Native shade trees are both beautiful and beneficial and add to any landscape. Consider your site, and choose one of our favorites!
At the top of the list is the Quercus alba, or White Oak. This is truly a shade tree that you plant for your grandchildren. As trees go, nothing is statelier than an oak which can ultimately grow to 100’ or more. With spreading branches and a rounded crown, the White Oak is a majestic tree and is appropriate for almost any yard that has room for it to grow. White Oaks have the reputation for being slow growing, but you will be amazed at how large an oak grow in just several years.
Besides their beauty, another benefit to oaks is their habitat value. Squirrels, turkey, rabbits, blue jays, and other animals eat the acorns, and over 530 species of caterpillars feed on their leaves. So you are certain to see song birds such as warblers flitting among the branches in the spring, hunting for a quick meal to feed their young. Brown creepers climb up the trunk of a large oaks while red breasted nuthatches start at the top and work their way down. This ensures each bird species will find the insects that the other one has missed. Don’t worry that these insects may damage the tree; with all of the bird activity, the insect populations are sure to remain in check.
White Oak foliage turns russet to wine in autumn and when the leaves drop, you can see the wonderful architecture of the branches.
Another favorite shade tree is Acer saccharum, or Sugar Maple. Maples can also grow quite large, at 60-75’. While White Oaks turn russet in autumn, Sugar Maples are unrivaled when it comes to fall color. They may turn shades from red to yellow, with orange being the most dominant color. A large Sugar Maple ablaze with color on a clear fall day can be a vision that takes your breath away.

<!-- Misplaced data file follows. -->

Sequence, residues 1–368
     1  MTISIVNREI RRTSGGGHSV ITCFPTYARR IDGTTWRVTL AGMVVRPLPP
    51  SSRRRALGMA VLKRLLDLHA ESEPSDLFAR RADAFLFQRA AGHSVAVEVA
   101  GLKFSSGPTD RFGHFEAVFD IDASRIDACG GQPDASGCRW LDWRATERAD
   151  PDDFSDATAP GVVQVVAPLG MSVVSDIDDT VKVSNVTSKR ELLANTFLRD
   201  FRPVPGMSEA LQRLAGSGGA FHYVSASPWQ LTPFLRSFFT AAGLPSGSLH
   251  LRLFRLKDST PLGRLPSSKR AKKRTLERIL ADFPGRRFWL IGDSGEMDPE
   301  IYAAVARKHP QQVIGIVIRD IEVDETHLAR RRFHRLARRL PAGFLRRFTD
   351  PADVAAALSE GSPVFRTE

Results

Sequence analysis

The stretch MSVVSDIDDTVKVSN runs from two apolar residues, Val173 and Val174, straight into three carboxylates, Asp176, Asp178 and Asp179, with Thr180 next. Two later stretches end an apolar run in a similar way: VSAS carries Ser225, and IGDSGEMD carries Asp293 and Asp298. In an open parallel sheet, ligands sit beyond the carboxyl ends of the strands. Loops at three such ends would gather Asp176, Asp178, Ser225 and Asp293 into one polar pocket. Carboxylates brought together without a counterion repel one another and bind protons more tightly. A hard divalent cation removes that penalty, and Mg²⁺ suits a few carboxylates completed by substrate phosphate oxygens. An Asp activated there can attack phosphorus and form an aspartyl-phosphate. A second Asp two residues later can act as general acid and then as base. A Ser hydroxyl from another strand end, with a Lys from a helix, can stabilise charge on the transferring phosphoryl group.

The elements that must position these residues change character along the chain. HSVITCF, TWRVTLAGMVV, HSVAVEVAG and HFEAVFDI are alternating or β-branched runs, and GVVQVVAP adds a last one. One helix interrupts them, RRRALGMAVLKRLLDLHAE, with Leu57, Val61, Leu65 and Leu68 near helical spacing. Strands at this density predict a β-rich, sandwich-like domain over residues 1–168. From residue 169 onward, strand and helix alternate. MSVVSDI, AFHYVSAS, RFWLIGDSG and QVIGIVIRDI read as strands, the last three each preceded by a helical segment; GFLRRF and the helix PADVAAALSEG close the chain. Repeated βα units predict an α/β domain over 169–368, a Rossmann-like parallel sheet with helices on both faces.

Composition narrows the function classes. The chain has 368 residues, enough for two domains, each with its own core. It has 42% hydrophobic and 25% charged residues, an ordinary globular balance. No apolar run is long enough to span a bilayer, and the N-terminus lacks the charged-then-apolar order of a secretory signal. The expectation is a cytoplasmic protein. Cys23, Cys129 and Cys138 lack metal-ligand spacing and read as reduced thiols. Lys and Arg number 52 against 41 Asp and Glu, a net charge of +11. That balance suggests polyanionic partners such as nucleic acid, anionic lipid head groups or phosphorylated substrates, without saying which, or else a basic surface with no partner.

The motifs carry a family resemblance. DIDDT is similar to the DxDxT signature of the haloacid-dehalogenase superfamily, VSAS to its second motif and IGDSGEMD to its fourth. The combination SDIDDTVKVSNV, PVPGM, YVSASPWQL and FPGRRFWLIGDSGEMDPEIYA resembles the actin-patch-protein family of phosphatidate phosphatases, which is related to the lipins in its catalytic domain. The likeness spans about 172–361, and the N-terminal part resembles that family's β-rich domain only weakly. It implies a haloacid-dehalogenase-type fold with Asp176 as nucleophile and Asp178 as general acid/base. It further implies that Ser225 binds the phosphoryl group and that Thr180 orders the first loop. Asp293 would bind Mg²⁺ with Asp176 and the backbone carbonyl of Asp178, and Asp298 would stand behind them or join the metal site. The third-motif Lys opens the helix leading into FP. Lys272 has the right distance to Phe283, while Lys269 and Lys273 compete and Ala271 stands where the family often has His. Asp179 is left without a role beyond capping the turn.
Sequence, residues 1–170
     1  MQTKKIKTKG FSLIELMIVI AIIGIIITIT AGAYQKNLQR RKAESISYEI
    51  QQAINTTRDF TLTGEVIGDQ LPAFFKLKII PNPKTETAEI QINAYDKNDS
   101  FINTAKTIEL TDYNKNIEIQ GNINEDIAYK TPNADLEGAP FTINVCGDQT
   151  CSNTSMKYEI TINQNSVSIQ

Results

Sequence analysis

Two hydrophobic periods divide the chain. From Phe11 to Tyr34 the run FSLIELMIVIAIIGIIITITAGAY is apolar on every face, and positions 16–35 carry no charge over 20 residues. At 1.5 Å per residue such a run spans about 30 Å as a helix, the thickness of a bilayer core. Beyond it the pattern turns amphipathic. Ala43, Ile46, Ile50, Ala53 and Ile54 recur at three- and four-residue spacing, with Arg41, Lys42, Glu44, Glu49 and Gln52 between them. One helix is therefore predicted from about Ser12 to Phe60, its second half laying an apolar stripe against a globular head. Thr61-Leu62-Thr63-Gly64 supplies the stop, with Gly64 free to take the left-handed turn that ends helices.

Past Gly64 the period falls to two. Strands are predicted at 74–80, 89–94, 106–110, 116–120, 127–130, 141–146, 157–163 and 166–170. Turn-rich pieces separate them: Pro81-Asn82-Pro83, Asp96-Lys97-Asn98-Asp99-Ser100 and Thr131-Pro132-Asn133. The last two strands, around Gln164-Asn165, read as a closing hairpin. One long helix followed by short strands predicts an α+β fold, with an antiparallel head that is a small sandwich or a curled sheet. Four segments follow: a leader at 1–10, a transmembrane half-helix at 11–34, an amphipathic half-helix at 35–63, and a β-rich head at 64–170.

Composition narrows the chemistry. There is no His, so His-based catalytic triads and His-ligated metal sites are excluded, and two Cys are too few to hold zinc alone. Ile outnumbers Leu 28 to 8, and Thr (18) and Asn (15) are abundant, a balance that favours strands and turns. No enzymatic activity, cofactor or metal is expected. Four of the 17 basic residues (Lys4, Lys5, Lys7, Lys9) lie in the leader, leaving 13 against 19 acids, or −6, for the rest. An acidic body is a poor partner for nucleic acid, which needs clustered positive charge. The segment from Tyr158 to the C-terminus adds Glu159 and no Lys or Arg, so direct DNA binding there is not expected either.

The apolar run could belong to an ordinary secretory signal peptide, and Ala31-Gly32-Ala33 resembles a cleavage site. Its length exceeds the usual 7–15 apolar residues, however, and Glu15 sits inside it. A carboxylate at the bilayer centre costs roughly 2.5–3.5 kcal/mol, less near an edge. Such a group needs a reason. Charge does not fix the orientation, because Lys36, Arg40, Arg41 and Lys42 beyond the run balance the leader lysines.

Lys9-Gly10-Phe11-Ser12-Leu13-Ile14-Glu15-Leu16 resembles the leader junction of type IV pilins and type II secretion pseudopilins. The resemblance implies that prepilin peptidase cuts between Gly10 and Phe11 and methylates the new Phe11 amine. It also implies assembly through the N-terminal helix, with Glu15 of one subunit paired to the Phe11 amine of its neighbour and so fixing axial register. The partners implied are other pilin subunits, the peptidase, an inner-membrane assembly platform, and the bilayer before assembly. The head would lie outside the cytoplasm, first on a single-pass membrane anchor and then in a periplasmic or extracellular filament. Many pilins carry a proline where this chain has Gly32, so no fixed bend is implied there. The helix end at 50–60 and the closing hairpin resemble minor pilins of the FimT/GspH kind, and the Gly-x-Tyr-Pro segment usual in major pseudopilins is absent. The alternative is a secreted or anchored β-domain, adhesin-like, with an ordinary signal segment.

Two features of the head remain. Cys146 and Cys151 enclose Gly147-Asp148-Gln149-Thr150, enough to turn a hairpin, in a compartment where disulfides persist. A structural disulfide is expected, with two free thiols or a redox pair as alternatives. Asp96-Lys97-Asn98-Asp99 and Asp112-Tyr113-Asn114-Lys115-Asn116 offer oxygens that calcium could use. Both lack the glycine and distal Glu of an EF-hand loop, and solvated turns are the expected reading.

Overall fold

Besides the fall color, Sugar Maples have other benefits. Numerous animals including finches, chipmunks and bobwhite quail eat the fruit, called samaras. Samaras are also fun! They are basically a seed with wings that spin like helicopter blades as they fall to the earth. They also make great Pinocchio noses when split apart at the end and placed on the tip of your nose.
In addition to the fruit, Sugar Maples produce maple syrup. Their sap is very sweet, and when boiled down, it becomes thick and syrupy. Although it takes 40 gallons of sap to make 1 gallon of syrup! This does not hurt the tree, so maple sugaring is done every year. If you decide to try maple sugaring, I will pass along some advice from our Uncle Ellie: Don’t leave the boiling sap unattended. Coming home to masses of sticky sap which boiled over onto the stove and kitchen floor can be quite a surprise, and quite a mess!
If oaks and Sugar Maples are simply too large for your site, consider a Nyssa sylvatica, or Black Gum. Nyssa sylvatica may eventually reach 30-50’ high, but it will take a while getting there since the growth rate is slow to moderate. Along with the manageable size, Black Gum has plenty going for it. It is a beautiful shade tree, pyramidal in shape while young, and often spreading with age. It has simple, deep green, lustrous leaves that grow 3-6” long, and is one of the most consistent trees for fall color. Color may vary from yellow and orange to red and purple. I can still picture a collection of Black Gum in screaming red fall color as I pulled into Longwood Gardens. It made quite a statement at the entrance of this world-renowned garden.